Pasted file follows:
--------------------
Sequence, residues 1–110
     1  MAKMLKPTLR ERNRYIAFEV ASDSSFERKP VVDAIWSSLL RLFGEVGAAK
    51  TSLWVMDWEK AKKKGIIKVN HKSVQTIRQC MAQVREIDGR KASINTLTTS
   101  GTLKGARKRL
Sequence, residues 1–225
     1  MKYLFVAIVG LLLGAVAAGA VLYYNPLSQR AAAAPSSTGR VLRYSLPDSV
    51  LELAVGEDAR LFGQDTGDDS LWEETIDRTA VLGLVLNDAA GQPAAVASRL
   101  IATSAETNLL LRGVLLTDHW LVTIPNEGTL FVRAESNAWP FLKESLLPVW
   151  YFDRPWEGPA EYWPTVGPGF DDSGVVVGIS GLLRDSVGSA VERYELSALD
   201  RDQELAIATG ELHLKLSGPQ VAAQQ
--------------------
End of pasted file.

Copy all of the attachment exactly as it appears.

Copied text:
Sequence, residues 1–110
     1  MAKMLKPTLR ERNRYIAFEV ASDSSFERKP VVDAIWSSLL RLFGEVGAAK
    51  TSLWVMDWEK AKKKGIIKVN HKSVQTIRQC MAQVREIDGR KASINTLTTS
   101  GTLKGARKRL
Sequence, residues 1–225
     1  MKYLFVAIVG LLLGAVAAGA VLYYNPLSQR AAAAPSSTGR VLRYSLPDSV
    51  LELAVGEDAR LFGQDTGDDS LWEETIDRTA VLGLVLNDAA GQPAAVASRL
   101  IATSAETNLL LRGVLLTDHW LVTIPNEGTL FVRAESNAWP FLKESLLPVW
   151  YFDRPWEGPA EYWPTVGPGF DDSGVVVGIS GLLRDSVGSA VERYELSALD
   201  RDQELAIATG ELHLKLSGPQ VAAQQ